Pianist Holzman wins the uphill battle with such Wolpe knuckle-busters as the Sonata No. 1 "Stehende Musik" (1925), the aptly named 
Battle Piece (1943-47), 
The Good Spirit of a Right Cause (1942), Adagio. Gesang, weil ich etwas Teures verlassen muss (1920), Tango (1927), 
Waltz for Merle (1952), and 
Zemach Suite (1939)



The Rheingold Curse: A Germanic Saga of Greed and Revenge from the Medieval Icelandic Edda
Ensemble: Sequentia
Marc Aurel Edition - #20016
Wagner's mother lode. Apocalyptic texts, atmospheric performances, bring to shattering life the age of the Vikings and the Valkyries when Gods and mortals jousted for the medieval soul.  Thoughtful music for an age in which evil men once more live in caves and wreak havoc upon their fellow men.

Stephen Hough's English Piano Album
Composer: Alan Rawsthorne, Stephen Reynolds, et al.
Performer: Stephen Hough
Hyperion - #67267
Stephen Hough is among the most talented pianists today and also one of the most adventuresome.  Rather than concentrating on the surefire crowd pleasers, he has followed his own tastes which have taken him  down a less traditional path. His focus on neglected works by less-known composers is never less than rewarding and particularly so in this CD which showcases virtuoso piano pieces from English composers like Alan Rawsthorne and Stephen Reynolds as well as Elgar and Bridge.  A delight from start to finish.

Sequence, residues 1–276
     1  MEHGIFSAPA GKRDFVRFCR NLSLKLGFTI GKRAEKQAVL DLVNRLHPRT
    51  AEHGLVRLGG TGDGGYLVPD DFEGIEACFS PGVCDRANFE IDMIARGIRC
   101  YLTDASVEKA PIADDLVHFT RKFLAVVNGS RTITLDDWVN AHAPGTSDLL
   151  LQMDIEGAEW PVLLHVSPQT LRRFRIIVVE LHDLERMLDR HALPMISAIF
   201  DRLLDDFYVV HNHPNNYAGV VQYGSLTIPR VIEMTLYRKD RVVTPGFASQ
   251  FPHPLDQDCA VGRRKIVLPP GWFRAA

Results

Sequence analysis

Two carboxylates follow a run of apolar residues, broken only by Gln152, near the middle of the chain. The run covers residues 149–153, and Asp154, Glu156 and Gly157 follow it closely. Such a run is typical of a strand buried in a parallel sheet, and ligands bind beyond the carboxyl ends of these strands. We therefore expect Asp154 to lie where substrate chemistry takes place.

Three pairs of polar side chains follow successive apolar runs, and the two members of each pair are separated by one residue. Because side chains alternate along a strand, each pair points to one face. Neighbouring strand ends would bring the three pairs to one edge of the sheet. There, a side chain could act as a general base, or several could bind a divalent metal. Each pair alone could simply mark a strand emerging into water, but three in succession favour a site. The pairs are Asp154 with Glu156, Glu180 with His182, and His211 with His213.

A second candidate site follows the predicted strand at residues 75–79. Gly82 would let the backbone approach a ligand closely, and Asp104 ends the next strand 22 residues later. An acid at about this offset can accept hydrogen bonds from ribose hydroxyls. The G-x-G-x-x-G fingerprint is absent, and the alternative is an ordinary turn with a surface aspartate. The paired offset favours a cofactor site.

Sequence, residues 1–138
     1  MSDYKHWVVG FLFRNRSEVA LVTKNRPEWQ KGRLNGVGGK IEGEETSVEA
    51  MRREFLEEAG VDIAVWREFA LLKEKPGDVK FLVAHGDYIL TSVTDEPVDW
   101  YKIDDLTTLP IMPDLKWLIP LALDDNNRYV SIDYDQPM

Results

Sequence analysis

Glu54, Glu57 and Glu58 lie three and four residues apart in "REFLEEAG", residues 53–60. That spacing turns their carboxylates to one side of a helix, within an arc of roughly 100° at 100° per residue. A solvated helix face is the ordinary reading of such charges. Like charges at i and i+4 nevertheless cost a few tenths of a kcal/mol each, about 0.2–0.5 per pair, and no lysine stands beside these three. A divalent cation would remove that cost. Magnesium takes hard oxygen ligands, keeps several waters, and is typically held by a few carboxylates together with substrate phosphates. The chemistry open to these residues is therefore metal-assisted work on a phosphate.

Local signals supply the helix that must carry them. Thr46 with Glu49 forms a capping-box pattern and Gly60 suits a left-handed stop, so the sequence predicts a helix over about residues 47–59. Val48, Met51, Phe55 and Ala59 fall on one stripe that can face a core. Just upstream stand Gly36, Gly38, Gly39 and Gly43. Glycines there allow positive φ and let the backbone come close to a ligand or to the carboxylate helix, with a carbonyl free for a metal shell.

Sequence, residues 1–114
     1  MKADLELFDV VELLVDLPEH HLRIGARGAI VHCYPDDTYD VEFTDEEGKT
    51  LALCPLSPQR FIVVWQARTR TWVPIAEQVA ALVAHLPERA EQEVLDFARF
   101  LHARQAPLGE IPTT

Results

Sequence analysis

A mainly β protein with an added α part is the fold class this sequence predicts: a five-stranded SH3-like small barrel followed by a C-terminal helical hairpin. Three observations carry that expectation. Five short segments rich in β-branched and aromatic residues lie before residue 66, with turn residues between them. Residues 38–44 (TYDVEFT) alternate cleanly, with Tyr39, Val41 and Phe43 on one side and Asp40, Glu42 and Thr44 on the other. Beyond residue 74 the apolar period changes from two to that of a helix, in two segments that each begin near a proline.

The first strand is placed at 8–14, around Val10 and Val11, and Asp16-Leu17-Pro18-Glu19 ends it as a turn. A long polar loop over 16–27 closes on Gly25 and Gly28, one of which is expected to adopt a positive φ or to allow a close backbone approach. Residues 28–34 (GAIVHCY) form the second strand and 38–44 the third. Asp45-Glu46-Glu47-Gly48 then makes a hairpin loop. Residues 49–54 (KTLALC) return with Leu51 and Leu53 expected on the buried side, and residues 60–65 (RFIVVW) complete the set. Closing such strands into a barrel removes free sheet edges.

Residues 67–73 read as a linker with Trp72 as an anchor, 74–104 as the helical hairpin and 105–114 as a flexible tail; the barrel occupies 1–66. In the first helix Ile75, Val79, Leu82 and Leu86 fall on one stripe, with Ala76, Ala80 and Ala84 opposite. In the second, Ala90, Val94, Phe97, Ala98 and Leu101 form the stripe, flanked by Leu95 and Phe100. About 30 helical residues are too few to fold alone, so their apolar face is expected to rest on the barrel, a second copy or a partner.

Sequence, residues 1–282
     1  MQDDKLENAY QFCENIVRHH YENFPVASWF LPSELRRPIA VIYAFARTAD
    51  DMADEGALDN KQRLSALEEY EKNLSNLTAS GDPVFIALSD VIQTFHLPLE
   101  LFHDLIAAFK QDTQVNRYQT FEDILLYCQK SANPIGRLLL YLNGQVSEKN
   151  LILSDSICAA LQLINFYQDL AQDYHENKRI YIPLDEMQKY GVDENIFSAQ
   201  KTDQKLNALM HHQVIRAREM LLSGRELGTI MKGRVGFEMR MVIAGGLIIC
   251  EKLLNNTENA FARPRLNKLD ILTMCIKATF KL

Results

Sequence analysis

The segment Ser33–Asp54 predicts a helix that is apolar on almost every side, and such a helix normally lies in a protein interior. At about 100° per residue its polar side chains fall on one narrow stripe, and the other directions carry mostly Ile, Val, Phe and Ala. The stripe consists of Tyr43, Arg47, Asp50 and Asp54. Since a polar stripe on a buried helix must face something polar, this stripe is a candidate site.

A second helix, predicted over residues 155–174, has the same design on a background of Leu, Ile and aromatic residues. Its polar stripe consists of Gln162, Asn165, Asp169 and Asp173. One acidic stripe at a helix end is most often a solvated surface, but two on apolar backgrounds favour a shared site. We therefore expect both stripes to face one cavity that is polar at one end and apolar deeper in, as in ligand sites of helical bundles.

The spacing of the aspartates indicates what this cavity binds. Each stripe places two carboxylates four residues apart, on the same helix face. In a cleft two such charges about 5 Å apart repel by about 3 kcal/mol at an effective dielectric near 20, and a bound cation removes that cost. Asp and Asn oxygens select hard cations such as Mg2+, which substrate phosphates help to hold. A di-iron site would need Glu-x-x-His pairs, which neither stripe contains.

Speaking Extravagantly
Composer:  David Stock
Performer(s): Cuarteto Latinoamericano
innova 563 
Stock blends influences from Ives to minimalism, from Bartok to jazz, and from synagogue music to Schoenberg into a fresh and imaginative style of dramatic sweep and lyrical flight.  His close collaboration with Cuarteto Latinoamericano,  one of the world’s outstanding chamber ensembles,  has produced a recording of great emotional power and driving rhythm, with blazing colors and a wide dynamic and expressive range.

The Epic of Gilgamesh
Composer: Bohuslav Martinu
Conductor: Zdenek Kosler
Performer: Ludek Vele, Stefan Margita, et al.
Naxos - #8555138